Funkhouser a treasure at BU

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Funkhouser a treasure at BU

Story by Sarah Baker, Editor

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He has many titles to his name: composer, musician, mentor, student, teacher and veteran. From Juilliard to the U.S. Army Signal Corps, he has studied and performed across the country.

Associate Professor of Music Robin Liston calls him one of Baker’s hidden gems and a colleague.

“He studied with people that are famous in that world, the real greats,” Liston said. “Here in Baldwin City, we are lucky and have this little treasure of a composer.”

Instructor of Music Jim Funkhouser was born in New Hampshire in 1933 to a cellist and a singer. Growing up, he was always surrounded by music.

When he was very young, his family invited a visiting musician to dinner one night. The man started to play the piano, with young Funkhouser sitting on his knees, but at one point, he realized the man was playing the piano with fruit. The man had an orange in each hand and was rolling them on the keys. This is the moment Funkhouser decided he wanted to learn how to play an instrument.

In the late ’40s, while attending Andover Academy and the University of New Hampshire, Funkhouser started taking lessons from Walter Macdonald, 2nd horn in the Boston Symphony. Every Sunday, he would listen to the radio and appreciate the New York Philharmonic. This admiration led Funkhouser to Juilliard School of Music in New York City.

“My whole goal was to study with James Chambers, principal horn in the New York Philharmonic,” Funkhouser said. “Chambers was at Juilliard [School of Music]. I was aiming for him and got Juilliard.”

There, he took classes in composition from Bernard Wagenaar and theory classses from Vincent Persichetti and studied horn with Chambers. The only pause in Funkhouser’s study came when he needed braces, but even that didn’t stop his determination. Funkhouser graduated in 1956 with a Bachelor of Science degree.

Later that year, he joined the U.S. Army Signal Corps Band for two years before moving to Canada, where he played in the Calgary Philharmonic for a season. Following this adventure, he and his wife settled in Kansas City, where he played horn in the Kansas City Philharmonic and worked with the youth symphony.

Funkhouser left the Kansas City Philharmonic in 1970 and the youth symphony in 1975. He continued teaching students in Prairie Village, at the University of Kansas and at Missouri Western State University.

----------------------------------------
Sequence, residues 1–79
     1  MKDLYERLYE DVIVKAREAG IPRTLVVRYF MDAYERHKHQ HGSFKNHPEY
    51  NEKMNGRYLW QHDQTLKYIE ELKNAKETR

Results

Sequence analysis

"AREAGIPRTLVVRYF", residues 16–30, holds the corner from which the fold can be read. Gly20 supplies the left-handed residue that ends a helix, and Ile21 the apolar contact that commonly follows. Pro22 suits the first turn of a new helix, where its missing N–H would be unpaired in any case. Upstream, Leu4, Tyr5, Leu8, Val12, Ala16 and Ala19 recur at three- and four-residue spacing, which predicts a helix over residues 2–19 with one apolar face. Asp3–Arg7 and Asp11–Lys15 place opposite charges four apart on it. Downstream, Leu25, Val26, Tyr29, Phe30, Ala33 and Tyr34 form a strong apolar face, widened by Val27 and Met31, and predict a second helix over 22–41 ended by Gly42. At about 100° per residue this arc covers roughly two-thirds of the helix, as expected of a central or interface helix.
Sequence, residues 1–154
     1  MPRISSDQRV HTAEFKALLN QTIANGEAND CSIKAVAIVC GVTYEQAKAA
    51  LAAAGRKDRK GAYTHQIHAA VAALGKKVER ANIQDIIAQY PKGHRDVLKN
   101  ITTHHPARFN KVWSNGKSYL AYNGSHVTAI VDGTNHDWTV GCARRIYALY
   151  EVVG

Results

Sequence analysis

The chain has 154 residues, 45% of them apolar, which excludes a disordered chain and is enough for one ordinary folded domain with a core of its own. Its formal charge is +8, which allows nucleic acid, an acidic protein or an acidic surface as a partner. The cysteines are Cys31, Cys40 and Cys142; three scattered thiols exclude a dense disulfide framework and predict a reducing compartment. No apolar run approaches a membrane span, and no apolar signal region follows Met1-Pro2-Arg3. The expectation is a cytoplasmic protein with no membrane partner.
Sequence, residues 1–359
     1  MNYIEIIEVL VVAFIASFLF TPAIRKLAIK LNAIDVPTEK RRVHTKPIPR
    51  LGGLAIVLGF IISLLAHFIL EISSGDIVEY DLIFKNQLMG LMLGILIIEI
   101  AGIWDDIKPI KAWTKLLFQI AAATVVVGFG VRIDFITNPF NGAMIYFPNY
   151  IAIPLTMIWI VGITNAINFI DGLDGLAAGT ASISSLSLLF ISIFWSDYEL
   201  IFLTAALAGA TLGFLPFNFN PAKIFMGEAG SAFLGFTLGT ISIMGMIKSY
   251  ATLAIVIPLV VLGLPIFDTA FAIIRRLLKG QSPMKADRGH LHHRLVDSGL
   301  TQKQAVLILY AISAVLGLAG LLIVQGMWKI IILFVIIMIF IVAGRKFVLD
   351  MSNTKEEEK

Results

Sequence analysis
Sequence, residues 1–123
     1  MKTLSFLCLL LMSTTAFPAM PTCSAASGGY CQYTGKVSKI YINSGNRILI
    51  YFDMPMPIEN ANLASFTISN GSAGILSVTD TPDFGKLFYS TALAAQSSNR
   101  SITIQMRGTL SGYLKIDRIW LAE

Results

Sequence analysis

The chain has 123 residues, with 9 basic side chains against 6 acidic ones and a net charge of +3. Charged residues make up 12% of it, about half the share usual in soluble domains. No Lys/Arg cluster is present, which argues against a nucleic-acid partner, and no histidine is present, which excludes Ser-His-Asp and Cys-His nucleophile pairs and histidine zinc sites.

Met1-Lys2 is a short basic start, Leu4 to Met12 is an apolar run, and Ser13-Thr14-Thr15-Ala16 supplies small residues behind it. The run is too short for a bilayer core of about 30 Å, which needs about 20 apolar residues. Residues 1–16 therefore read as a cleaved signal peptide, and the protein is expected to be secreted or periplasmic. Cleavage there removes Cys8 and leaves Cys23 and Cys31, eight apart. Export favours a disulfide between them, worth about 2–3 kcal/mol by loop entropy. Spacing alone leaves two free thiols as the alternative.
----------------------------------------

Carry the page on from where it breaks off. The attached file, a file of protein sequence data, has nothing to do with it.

It was at the start of the First Gulf War that Funkhouser started to compose again.

“I was moved and I started [composing] again,” Funkhouser said. “I wrote a piece, which was premiered by the Kansas City Symphony. It was pretty good, actually.”

He, then, rejoined the Kansas City Philharmonic, which, by then, had been renamed the Kansas City Symphony.

After a cumulative 25 years in the Kansas City Symphony, he retired and now teaches a music theory class at Baker and offers occasional private lessons.

Recently, a concert at Baker was held in Funkhouser’s honor. At the concert, his wife, friends and colleagues all performed music he composed, and between the performances, he talked about writing each piece.

Funkhouser created his own publishing firm called Baskerville Press, named after his dog. He has written three violin sonatas, three cello sonatas and two viola sonatas along with works for strings and concertos and solos for almost every instrument.

He encourages his theory students with his experience and life advice, his personal mantra being, “Intent. Commitment. Action.” He relates his mantra to practicing music, saying that you cannot be a successful musician without being determined, being committed and practicing for hours each day.

Senior Jacob Mogle took lessons from Funkhouser and said he was an inspiration to him and helped develop him as a musician.

“As a French horn student of Mr. Funkhouser’s during my time at Baker, I have benefited as a musician from his superior musicianship,” Mogle said. “As a person, Funkhouser has shared his wisdom with me, and that has proved to be his most valuable lesson.”

Funkhouser advises Baker students to be well-rounded individuals, to seek out information about the world to become better people.

Liston believes the Baker community should be appreciative of the talent and knowledge Funkhouser brings to the campus, something truly unique.

“It’s a real honor to be a part of this man’s life,” Liston said.